Notes on Parenting

Insights for parenting babies, toddlers, teens, and young adults.

Sunday, April 25, 2010

5 Ways to Enhance Family Connections

By Dyan Eybergen, RN © 2010


The definition of the family over the past century has evolved and changed many times. From extended relatives living within the same house or community to the “Leave it to Beaver” persona of the 1950’s and 60”s to the dual family income of the women’s movement with increased divorce rates and single parent homes, to the fast paced technologically advanced family of today.

It is becoming increasingly more difficult for families to stay connected in a climate that obstructs physical proximity to one another. Children are over-scheduled with sports and academic commitments. Advances in transportation and technology have increased mobility where children are separated from extended family members by thousands of miles. Much of our communication has been dummied down to text encryptions devoid of salutation or sentiments, and face-to-face interactions between family members are few and far between. Family “time”, traditions and rituals are eroding and causing dire consequences for our children.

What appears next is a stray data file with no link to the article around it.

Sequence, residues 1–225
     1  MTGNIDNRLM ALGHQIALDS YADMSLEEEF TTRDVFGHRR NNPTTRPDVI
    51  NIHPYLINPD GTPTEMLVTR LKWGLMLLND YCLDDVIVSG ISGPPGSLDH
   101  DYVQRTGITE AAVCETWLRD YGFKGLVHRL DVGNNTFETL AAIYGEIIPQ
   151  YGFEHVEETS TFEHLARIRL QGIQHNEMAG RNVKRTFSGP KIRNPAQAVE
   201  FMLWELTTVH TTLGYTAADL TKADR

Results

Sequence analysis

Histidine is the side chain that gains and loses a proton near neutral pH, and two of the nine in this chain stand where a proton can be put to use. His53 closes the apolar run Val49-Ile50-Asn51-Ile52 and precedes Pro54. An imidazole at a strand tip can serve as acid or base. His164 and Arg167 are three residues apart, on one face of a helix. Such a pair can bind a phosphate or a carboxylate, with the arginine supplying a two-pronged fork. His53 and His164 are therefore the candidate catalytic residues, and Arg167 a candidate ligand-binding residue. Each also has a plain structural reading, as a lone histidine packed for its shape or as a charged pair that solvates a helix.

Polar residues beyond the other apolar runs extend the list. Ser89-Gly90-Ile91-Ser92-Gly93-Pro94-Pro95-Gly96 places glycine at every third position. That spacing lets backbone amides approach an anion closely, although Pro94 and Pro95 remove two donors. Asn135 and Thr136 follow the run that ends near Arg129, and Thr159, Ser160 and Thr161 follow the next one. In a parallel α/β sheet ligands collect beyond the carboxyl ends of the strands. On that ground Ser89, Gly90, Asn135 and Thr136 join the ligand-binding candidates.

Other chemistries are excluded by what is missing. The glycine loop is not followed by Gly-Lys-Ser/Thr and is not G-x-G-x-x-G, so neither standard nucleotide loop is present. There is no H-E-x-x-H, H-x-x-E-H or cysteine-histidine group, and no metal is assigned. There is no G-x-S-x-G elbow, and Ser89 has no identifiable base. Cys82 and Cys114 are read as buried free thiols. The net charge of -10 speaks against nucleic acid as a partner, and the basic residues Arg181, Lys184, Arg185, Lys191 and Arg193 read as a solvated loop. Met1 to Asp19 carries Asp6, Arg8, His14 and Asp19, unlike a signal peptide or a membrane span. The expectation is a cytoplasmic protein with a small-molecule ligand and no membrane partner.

Without family connections, children will not develop a sense of belonging. They will not have an understanding of heritage or what stable relationships look like and will therefore have difficulty establishing their core identities. In search of themselves, children are being forced to go outside their homes to find where and with whom they “fit in”.

Here are some ways parents can create family unity and stay connected to their children:  
  • Regularly schedule a family meeting where members can air issues and concerns and work together to find solutions. Children learn the value of teamwork and cooperation in this manner. They also gather a sense of unity and loyalty.  
  •  Set family traditions and reinforce their meaning through practice. Traditions are usually embedded in a family’s heritage. If you don’t have any, start creating some. When children have something tangible that helps define “who” their family is they feel like they are a part of something bigger than themselves.
  •  Have family reunions with extended family members – plan them for as often as you can get everyone together in the same place. In the raising of children, it really does “take a village.”
  • Once a month (or more often) have a “no electronics weekend”. Shut off the television, iPods, computers, video games, Blackberries and cell phones and commit to spending the entire weekend with your family playing board games, hiking, biking, cooking or reading aloud together.
  • Plant a family garden. Get the family working in nature’s classroom and grow together.
What other ideas do you have?



Dyan Eybergen is an award winning author and nationally recognized Canadian speaker and CTV parenting expert. She lives in Alberta Canada with her husband and three sons. For more information visit www.dyaneybergen.com

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